Gary Kespohl: "I'm told by the police chief that 99 percent of the violent crime — the shootings, the drive-by shootings and all those kinds of things — are drug related. Columbia has become a stop-off place between Kansas City and St. Louis to sell drugs. I've started Neighborhood Watch programs in six of my neighborhood associations in my ward, and in those (neighborhoods), if you check the numbers, crime's gone down because the word's out that those people are watching their streets. And they know the beat officer, the guy who drives through their neighborhoods, on a first-name basis. They have his cell phone number; they can call him any time they need to, day or night. Him or her. So, they become friends on a first-name speaking basis. So those people that are on Neighborhood Watch, block captains, aren't afraid to call the police when they see something going on. I think that's helped with crime. It has in the Third Ward, at least."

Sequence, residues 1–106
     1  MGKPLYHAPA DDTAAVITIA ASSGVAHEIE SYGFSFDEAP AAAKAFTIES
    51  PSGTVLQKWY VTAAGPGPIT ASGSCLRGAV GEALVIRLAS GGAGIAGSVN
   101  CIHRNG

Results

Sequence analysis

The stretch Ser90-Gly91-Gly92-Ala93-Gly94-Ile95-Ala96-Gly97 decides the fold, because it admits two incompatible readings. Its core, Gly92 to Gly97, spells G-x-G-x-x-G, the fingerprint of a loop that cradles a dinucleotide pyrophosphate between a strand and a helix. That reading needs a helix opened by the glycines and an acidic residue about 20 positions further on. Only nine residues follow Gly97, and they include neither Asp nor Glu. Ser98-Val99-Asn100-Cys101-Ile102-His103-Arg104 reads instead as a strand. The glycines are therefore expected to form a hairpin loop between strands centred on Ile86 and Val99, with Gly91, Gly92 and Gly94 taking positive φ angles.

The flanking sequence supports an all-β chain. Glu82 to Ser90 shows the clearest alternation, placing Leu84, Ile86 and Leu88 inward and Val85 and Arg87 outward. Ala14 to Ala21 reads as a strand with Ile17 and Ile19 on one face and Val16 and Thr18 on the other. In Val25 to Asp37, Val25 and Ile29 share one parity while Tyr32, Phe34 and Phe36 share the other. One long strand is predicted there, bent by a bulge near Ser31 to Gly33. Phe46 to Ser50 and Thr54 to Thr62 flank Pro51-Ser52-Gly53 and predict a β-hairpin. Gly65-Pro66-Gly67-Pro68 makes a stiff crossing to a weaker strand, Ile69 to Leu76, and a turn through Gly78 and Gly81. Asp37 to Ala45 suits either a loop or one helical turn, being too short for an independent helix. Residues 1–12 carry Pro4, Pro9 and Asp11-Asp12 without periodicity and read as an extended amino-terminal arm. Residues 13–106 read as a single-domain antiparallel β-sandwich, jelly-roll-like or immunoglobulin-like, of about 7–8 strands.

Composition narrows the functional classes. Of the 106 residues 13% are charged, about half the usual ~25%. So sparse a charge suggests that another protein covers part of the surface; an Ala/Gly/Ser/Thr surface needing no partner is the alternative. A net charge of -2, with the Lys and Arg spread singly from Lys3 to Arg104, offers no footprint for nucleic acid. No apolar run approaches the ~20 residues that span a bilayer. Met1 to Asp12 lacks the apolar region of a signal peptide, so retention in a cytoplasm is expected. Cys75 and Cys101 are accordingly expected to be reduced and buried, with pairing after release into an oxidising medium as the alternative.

Fourth Ward candidates
Daryl Dudley: "Right now I think they need to focus it on speeding. A common complaint from everybody that I hear every time I go anywhere for a forum or anything else is how to get people to slow down on the streets they're on, whether it's a residential street or Broadway, Stadium, a main street. People speed a lot in this town, and they need to be taught to slow down. ... Crime is coming down as far as the break-ins and shootings. We’ve had a lot more shootings of late. We know where the places are. Every time you see a report it's coming from the same area. We need to start looking at those areas. We know who is doing it. We need to start charging those people and getting them off the street. There’s a lot of shootings in the Gateway area right now, and some other areas ... but in certain areas where there's a lot of shootings right now, and we know who is doing it, we need to get those people off the streets and keep them off the streets."